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26
Normal Bases over Finite Fields
, 1993
"... Interest in normal bases over finite fields stems both from mathematical theory and practical applications. There has been a lot of literature dealing with various properties of normal bases (for finite fields and for Galois extension of arbitrary fields). The advantage of using normal bases to repr ..."
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Interest in normal bases over finite fields stems both from mathematical theory and practical applications. There has been a lot of literature dealing with various properties of normal bases (for finite fields and for Galois extension of arbitrary fields). The advantage of using normal bases to represent finite fields was noted by Hensel in 1888. With the introduction of optimal normal bases, large finite fields, that can be used in secure and e#cient implementation of several cryptosystems, have recently been realized in hardware. The present thesis studies various theoretical and practical aspects of normal bases in finite fields. We first give some characterizations of normal bases. Then by using linear algebra, we prove that F q n has a basis over F q such that any element in F q represented in this basis generates a normal basis if and only if some groups of coordinates are not simultaneously zero. We show how to construct an irreducible polynomial of degree 2 n with linearly i...
Sharpening PRIMES is in P for a large family of numbers
 Math. Comp
, 2005
"... We present algorithms that are deterministic primality tests for a large family of integers, namely, integers n ≡ 1 (mod 4) for which an integer a is given such that the Jacobi symbol ( a) = −1, and n integers n ≡ −1 (mod 4) for which an integer a is given such that ( a 1−a) = ( ) = −1. The algo ..."
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We present algorithms that are deterministic primality tests for a large family of integers, namely, integers n ≡ 1 (mod 4) for which an integer a is given such that the Jacobi symbol ( a) = −1, and n integers n ≡ −1 (mod 4) for which an integer a is given such that ( a 1−a) = ( ) = −1. The algorithms n n we present run in 2 − min(k,[2 log log n]) Õ(log n) 6 time, where k = ν2(n − 1) is the exact power of 2 dividing n − 1 when n ≡ 1 (mod 4) and k = ν2(n + 1) if n ≡ −1 (mod 4). The complexity of our algorithms improves up to Õ(log n)4 when k ≥ [2 log log n]. We also give tests for more general family of numbers and study their complexity.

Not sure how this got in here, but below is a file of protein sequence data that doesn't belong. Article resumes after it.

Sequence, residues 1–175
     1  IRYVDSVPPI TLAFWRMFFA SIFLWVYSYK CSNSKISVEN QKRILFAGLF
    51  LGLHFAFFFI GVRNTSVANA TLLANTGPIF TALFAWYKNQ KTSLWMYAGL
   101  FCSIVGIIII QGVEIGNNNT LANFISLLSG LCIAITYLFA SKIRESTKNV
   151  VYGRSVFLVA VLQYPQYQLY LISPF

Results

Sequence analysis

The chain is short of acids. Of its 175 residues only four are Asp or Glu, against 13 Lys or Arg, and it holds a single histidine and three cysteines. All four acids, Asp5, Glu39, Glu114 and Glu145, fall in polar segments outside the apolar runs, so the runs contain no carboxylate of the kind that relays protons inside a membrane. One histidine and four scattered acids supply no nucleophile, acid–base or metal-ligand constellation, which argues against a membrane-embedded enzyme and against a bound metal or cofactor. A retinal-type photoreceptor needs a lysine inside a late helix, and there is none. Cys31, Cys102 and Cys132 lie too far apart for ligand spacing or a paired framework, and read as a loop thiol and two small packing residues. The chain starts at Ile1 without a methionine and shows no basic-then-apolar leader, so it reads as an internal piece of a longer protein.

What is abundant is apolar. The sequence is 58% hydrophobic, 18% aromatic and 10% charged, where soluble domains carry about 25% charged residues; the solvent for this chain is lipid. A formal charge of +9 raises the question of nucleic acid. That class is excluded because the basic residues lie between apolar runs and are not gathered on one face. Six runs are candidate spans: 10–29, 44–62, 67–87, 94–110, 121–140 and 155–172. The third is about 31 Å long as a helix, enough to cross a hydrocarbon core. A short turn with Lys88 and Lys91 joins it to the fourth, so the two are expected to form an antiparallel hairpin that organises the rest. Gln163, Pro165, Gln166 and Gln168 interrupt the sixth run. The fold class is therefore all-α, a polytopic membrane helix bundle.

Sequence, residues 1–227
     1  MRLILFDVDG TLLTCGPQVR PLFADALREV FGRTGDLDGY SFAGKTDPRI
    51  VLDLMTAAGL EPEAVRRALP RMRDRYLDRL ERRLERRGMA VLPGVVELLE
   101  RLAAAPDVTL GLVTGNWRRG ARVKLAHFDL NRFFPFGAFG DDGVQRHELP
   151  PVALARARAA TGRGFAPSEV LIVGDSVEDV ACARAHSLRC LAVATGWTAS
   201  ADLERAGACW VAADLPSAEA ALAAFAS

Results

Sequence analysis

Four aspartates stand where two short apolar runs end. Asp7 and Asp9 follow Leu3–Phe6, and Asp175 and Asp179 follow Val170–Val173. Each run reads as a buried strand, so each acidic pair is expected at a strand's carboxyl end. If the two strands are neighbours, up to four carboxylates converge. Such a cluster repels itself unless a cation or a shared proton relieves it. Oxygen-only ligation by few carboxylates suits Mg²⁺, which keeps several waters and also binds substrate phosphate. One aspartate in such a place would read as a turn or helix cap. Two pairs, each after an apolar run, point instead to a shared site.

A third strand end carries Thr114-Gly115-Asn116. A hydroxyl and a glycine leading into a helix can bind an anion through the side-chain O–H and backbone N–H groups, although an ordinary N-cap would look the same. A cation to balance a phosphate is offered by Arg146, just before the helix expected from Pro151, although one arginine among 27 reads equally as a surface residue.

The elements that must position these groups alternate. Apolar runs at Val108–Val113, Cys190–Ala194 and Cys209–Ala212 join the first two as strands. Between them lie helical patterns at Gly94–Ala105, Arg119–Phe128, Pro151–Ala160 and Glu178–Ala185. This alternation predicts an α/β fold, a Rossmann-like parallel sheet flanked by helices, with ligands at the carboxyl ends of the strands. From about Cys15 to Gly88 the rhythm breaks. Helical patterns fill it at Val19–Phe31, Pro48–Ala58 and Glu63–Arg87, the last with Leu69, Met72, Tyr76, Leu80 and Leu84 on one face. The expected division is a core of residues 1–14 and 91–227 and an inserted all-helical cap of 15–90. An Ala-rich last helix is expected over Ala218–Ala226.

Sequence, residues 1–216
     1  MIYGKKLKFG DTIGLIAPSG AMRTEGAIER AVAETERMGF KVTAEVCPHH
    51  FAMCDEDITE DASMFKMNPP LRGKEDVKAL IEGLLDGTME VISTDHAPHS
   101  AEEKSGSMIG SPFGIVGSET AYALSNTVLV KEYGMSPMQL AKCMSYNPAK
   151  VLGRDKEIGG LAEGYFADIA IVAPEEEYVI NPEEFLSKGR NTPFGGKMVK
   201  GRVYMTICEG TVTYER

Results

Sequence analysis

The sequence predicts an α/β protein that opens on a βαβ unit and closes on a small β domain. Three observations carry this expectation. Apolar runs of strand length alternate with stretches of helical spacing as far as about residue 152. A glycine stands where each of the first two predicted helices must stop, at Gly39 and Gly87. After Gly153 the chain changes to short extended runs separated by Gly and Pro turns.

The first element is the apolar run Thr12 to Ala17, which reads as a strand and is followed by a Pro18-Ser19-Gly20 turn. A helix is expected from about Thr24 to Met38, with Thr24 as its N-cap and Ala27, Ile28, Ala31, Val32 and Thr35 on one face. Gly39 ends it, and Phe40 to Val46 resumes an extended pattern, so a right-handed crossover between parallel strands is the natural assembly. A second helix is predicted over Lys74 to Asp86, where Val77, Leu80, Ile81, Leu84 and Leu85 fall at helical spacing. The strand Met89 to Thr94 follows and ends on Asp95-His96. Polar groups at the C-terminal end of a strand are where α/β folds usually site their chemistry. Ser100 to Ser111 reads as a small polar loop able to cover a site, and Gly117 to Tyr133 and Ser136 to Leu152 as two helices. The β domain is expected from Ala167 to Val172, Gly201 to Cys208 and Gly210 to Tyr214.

Elliptic Curves, Primality Proving And Some Titanic Primes
, 1989
"... We describe how to generate large primes using the primality proving algorithm of Atkin. Figure 1: The Titanic . 1. Introduction. During the last ten years, primality testing evolved at great speed. Motivated by the RSA cryptosystem [3], the first deterministic primality proving algorithm was de ..."
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We describe how to generate large primes using the primality proving algorithm of Atkin. Figure 1: The Titanic . 1. Introduction. During the last ten years, primality testing evolved at great speed. Motivated by the RSA cryptosystem [3], the first deterministic primality proving algorithm was designed by Adleman, Pomerance and Rumely [2] and made practical by Cohen, H. W. Lenstra and A. K. Lenstra (see [9, 10] and more recently [5]). It was then proved that the time needed to test an arbitrary integer N for primality is O((log N) c log log log N ) for some positive constant c ? 0. When implemented on a huge computer, the algorithm was able to test 200 digit numbers in about 10 minutes of CPU time. A few years ago, Goldwasser and Kilian [11], used the theory of elliptic curves over finite fields to give the first primality proving algorithm whose running time is polynomial in log N (assuming a plausible conjecture in number theory). Atkin [4] used the theory of complex multiplicat...
Atkin's test: news from the front
 In Advances in Cryptology
, 1990
"... We make an attempt to compare the speed of eeme primality testing algorithms for certifying loodigit prime numbers. 1. Introduction. The ..."
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We make an attempt to compare the speed of eeme primality testing algorithms for certifying loodigit prime numbers. 1. Introduction. The
DISTRIBUTED PRIMALITY PROVING AND THE PRIMALITY OF (2^3539+ 1)/3
, 1991
"... We explain how the Elliptic Curve Primality Proving algorithm can be implemented in a distributed way. Applications are given to the certification of large primes (more than 500 digits). As a result, we describe the successful attempt at proving the primality of the lO65digit (2^3539+ l)/3, the fir ..."